On the Decision to Ban Pit Bulls in Montreal, Canada

Here’s the truth: There are SO MANY things going on in the world today that deserve discussion. My heart bleeds every morning and every evening when I see that innocent people are not only being killed, but being targeted as well. I die a little bit more inside when I hear people talking about the threat of refugees and Muslims– individuals with whom they have never come into contact or conversed. It angers me to see sexism and objectification continue in commercials, on billboards, and especially within government officials. I feel as if I cannot breathe, that I am powerless when people are being shot down in the street because they simply exist as a black person in a racist country.

As someone who has been privileged enough to have visited many diverse countries of various religions, socioeconomic standings, and complex histories, I feel it is my responsibility to share what I have learned and attempt to educate others. I try to do so, while keeping up with the on-goings of this globe, but the truth is that I cannot fight all battles. I must choose those with which I am well-acquainted and sink deep into my skin like demon leeches.

The pit bull ban in Montreal is one of those issues. I might not be as passionate about this injustice if I had not had the chance to have grown close to a pit bull puppy years ago, who is now elderly. As I see him walk around stiffly and yelp in discomfort, my heart saddens, for I know his borrowed time on this earth is soon to be returned, and he will no longer be in my life. I’ve been crying over dog-related stories, both heartwarming and heart-wrenching, and the breed-specific legislation that just passed in Montreal is one of them.

This is about dogs, but like I said before, it’s about much, much more. It’s about tearing our families apart, and giving those without a family the punishment of death. It’s about demonizing an entire breed of dogs due to a carefully-manipulated reputation.It shows that we live in a global society in which we ALL are still very much judged and mistreated by the way that we look. That, somehow, if we fit a certain profile, and don’t hold a particular status, our lives are less important than others’. Fear is perpetuated in an all-consuming conflagration, and we let ourselves burn.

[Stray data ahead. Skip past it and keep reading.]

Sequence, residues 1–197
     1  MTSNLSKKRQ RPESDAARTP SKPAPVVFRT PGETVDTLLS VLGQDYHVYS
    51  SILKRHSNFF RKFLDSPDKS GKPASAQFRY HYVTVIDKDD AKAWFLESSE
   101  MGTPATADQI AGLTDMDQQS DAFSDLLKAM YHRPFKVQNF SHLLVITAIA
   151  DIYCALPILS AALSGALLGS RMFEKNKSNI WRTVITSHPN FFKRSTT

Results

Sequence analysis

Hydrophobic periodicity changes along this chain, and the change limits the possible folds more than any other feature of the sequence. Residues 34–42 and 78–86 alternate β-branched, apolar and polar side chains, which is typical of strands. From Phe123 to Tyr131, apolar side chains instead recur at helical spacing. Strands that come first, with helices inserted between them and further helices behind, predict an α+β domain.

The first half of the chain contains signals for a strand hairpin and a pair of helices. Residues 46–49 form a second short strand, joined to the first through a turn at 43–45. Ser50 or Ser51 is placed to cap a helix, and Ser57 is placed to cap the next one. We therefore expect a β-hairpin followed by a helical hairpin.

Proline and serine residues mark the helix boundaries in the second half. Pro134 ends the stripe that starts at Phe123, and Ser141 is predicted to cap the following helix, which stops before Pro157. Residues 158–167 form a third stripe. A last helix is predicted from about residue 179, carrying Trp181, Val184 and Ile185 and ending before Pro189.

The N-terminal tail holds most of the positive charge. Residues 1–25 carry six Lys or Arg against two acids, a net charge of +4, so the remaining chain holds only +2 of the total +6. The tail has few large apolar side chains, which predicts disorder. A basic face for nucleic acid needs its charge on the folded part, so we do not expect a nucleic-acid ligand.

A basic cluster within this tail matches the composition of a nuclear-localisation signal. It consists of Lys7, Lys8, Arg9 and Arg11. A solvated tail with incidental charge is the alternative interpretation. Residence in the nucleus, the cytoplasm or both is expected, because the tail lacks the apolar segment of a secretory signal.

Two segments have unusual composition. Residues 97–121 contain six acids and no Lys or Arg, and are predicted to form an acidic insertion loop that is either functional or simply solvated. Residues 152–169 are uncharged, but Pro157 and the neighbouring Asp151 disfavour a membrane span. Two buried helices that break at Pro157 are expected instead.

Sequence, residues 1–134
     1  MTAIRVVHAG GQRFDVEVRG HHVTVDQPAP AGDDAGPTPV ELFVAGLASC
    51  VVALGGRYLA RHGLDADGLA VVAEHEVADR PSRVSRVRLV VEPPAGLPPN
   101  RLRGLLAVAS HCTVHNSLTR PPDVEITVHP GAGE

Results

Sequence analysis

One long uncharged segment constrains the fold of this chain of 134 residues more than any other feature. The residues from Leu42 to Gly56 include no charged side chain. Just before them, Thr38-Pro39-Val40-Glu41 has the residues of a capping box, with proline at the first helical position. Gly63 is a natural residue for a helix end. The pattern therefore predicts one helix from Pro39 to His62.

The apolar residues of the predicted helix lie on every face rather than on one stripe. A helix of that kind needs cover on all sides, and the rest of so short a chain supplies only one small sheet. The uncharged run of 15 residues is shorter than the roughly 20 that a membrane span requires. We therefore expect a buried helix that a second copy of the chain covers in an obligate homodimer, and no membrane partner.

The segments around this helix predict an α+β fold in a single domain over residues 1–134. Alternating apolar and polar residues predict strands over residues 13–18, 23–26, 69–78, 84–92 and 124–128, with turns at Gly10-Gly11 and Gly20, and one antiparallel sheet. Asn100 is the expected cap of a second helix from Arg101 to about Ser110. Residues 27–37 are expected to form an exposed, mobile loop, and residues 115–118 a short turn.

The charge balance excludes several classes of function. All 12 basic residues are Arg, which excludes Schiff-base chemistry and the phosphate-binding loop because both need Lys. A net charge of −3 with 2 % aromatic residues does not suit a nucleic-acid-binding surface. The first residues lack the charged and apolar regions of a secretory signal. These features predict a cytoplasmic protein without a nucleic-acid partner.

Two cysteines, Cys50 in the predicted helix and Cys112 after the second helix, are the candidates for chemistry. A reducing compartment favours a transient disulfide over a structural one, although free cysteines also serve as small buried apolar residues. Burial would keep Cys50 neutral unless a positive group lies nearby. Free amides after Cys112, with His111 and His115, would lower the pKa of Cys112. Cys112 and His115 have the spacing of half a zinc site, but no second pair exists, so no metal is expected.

Life is scary. None of us want to be hurt, and so we recoil, allowing shit like this to happen. And if we allow these kind of perpetrations to continue on an individual level, we do so on a much, much grander scale. We let our family members continue to believe that gay marriage is wrong because it’s easier not to argue; we let our friends continue to degrade other cultures because we don’t like confrontation; we let strangers abuse themselves and each other because it’s “none of our business.”

Is this really the kind of life we want to lead? Do we want to remain isolated and afraid and skeptical of each other because we were miseducated, or because we’re afraid of consequences that most likely won’t manifest? I say this in the most sincere manner possible: FUCK THAT. Choose something you stand for and get behind it. Open yourself up to the possibility of all the progress and beautiful connection your voice could bring to the world. Change is possible.

Please sign this petition to reverse Montreal’s ban against pit bulls.


3 thoughts on “On the Decision to Ban Pit Bulls in Montreal, Canada

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